Calendar and Grades The link below is the adopted school district calendar. http://dnn.portervilleschools.org/apps/download/2/YuPVQScITahFuYyjAYU8nbN7OPCMAF0v9LrjDbvN5kpaj8Tj.pdf/2014-15%20Calendar%20180%20Days.pdf
Our School Website: http://www.portervilleschools.org/phs/PHSHome/tabid/620/Default.aspx
AERIES link for detailed information about coursework assignments and grades: https://www.mypusd.org/Parent/LoginParent.aspx
Common Core Standards for History Social SciencesThe Standards set requirements for literacy in history/social studies, science, and technical subjects. Just as students must learn to read, write, speak, listen, and use language effectively in a variety of content areas, so too must the Standards specify the literacy skills and understandings required for college and career readiness in multiple disciplines.
Literacy standards in history/social studies, science, and technical subjects are not meant to replace content standards in those areas but rather to supplement them.
For more detailed information, follow the links to: Reading Standards for Literacy page 80 Writing Standards for Literacy page 85
Ms. Tolladay's United States History PageStudents in grade eleven study the major turning points in American history in the twentieth century. Following a review of the nation's beginnings and the impact of the Enlightenment on U.S. democratic ideals, students build upon the tenth grade study of global industrialization to understand the emergence and impact of new technology and a corporate economy, including the social and cultural effects. They trace the change in the ethnic composition of American society; the movement toward equal rights for racial minorities and women; and the role of the United States as a major world power. An emphasis is placed on the expanding role of the federal government and federal courts as well as the continuing tension between the individual and the state. Students consider the major social problems of our time and trace their causes in historical events. They learn that the United States has served as a model for other nations and that the rights and freedoms we enjoy are not accidents, but the results of a defined set of political principles that are not always basic to citizens of other countries. Students understand that our rights under the U.S. Constitution are a precious inheritance that depends on an educated citizenry for their preservation and protection.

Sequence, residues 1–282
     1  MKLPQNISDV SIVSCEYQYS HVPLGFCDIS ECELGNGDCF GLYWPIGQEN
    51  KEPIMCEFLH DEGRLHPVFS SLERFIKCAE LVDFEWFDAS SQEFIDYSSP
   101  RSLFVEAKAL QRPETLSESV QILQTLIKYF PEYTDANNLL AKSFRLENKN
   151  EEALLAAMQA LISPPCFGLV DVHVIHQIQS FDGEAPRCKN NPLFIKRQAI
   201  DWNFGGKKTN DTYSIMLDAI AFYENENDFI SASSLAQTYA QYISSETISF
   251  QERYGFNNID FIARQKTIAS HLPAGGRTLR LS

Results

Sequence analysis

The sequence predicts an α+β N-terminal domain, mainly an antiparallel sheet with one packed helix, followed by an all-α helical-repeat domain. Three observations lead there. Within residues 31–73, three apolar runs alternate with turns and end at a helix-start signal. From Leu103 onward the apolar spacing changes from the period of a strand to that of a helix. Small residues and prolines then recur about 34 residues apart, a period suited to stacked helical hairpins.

Ms. Tolladay's World History PageStudents in grade ten study major turning points that shaped the modern world, from the late eighteenth century through the present, including the cause and course of the two world wars. They trace the rise of democratic ideas and develop an understanding of the historical roots of current world issues, especially as they pertain to international relations. They extrapolate from the American experience that democratic ideals are often achieved at a high price, remain vulnerable and are not practiced everywhere in the world. Students develop an understanding of current world issues and relate them to their historical, geographic, political, economic, and cultural contexts. Students consider multiple accounts of events in order to understand international relations from a variety of perspectives.
Pacing Schedule and SyllabusThe documents below are provided to students during their first week of class (whenever they arrive), are available in print form to parents during back to school night/open house and are available here - online throughout the school year.
The pacing schedule and syllabus include the departments grading policy , a more detailed list of state standards we expect to cover to prepare students for assessments and upper level coursework.